Dow Crosses Another Milestone, Topping 23,000 For The First Time : The Two-Way The Dow Jones industrial average topped 23,000 for the first time, crossing another milestone amid better-than-expected earnings reports and concerns that stocks are approaching another bubble.
NPR logo Dow Crosses Another Milestone, Topping 23,000 For The First Time

Dow Crosses Another Milestone, Topping 23,000 For The First Time

Traders work on the floor of the New York Stock Exchange last week. With its new record level, the blue chip index is now up 16 percent since the start of the year and about 26 percent since Election Day. Spencer Platt/Getty Images hide caption

toggle caption
Spencer Platt/Getty Images

Traders work on the floor of the New York Stock Exchange last week. With its new record level, the blue chip index is now up 16 percent since the start of the year and about 26 percent since Election Day.

Spencer Platt/Getty Images

Updated at 4:11 p.m. ET.

The Dow Jones industrial average on Tuesday briefly topped 23,000 for the first time, crossing another milestone amid better-than-expected earnings reports and concerns that stocks are approaching another bubble.

But the 30-stock index ended the day at 22,997.44, up 40.48 points.

The Dow finished above 22,000 for the first time on Aug. 2.

With its new record level, the blue chip index is now up 16 percent since the start of the year and about 26 percent since Election Day.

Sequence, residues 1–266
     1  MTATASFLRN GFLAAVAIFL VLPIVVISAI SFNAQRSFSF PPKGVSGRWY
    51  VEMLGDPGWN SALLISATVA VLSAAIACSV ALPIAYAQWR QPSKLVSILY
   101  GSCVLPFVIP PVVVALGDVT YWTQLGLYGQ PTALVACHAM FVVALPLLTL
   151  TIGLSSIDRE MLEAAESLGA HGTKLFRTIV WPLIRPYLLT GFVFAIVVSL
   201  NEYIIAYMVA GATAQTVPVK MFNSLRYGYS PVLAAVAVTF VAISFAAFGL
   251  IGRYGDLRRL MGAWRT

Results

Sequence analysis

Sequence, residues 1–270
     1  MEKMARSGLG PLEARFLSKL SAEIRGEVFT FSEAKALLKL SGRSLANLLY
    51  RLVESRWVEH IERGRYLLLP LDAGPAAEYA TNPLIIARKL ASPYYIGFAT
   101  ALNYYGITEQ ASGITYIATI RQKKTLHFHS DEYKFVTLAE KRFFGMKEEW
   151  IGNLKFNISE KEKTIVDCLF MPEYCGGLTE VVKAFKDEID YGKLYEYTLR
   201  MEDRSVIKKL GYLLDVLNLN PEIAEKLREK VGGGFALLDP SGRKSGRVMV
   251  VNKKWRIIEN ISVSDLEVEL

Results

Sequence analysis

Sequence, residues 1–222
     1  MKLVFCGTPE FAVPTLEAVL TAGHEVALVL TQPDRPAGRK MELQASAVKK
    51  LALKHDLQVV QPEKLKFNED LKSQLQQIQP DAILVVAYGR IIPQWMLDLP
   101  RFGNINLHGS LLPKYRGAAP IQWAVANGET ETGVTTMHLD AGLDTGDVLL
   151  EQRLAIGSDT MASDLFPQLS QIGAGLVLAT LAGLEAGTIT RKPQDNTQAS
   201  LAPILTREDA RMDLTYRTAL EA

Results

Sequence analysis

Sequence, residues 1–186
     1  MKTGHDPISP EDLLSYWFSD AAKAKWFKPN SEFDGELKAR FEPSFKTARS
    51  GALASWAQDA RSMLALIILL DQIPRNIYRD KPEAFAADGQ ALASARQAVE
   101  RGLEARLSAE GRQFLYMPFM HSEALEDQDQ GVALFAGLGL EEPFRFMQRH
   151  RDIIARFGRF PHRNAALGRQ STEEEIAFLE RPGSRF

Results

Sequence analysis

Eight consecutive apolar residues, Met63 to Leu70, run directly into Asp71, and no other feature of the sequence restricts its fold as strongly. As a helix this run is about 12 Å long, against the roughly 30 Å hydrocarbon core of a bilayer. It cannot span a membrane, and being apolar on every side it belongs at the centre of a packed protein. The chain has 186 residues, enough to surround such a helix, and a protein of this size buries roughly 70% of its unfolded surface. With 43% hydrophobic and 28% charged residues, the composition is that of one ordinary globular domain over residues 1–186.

"It's always hard to know why the stock market does what it does. But there are a few good explanations out there," David Wessel, director of the Hutchins Center at the Brookings Institution and a contributing correspondent for The Wall Street Journal, told NPR's David Greene last week.

Loading...

"Corporate profits are strong," Wessel added. "Interest rates are low, which is good for stock prices because investors are looking for someplace to put their money — they get a better return than in bonds or bank accounts."

In an interview with NPR last week, Stanley Fischer, who recently stepped down as the Federal Reserve vice chairman, said that despite record highs in the stock market — boosted by the Fed's low interest rates — he doesn't see a bubble. "We don't think we're in a situation where we have an inflationary bubble or an unsustainable set of prices in the asset markets," he said.

Analysts have said plans by President Trump and congressional leaders to cut corporate tax rates also have driven up the markets. On Monday, Trump and Senate Majority Leader Mitch McConnell said it might take longer than expected to pass the tax legislation.